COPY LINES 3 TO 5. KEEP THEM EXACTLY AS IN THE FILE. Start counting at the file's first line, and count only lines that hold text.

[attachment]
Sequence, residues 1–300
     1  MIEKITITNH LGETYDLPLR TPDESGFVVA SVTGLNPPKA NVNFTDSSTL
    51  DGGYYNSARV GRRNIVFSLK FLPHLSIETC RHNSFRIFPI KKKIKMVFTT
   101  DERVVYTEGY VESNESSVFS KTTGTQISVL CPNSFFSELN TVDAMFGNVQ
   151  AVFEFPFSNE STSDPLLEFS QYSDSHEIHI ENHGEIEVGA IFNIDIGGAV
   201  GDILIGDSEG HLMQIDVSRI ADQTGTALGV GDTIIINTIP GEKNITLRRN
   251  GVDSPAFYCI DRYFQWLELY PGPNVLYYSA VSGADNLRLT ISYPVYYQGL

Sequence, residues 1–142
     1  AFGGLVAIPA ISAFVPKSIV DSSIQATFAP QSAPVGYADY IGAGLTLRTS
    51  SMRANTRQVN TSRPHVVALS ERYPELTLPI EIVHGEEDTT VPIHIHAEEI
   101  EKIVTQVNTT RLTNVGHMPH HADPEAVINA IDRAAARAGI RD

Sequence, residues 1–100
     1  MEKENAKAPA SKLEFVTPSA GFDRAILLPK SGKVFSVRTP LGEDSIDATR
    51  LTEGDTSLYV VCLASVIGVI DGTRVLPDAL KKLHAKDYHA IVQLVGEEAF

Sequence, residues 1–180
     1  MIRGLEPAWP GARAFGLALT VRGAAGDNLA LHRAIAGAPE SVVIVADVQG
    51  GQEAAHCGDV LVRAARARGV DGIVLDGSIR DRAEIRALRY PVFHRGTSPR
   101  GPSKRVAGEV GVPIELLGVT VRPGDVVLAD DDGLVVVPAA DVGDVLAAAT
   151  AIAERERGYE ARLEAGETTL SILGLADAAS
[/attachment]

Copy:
    51  DGGYYNSARV GRRNIVFSLK FLPHLSIETC RHNSFRIFPI KKKIKMVFTT
   101  DERVVYTEGY VESNESSVFS KTTGTQISVL CPNSFFSELN TVDAMFGNVQ
   151  AVFEFPFSNE STSDPLLEFS QYSDSHEIHI ENHGEIEVGA IFNIDIGGAV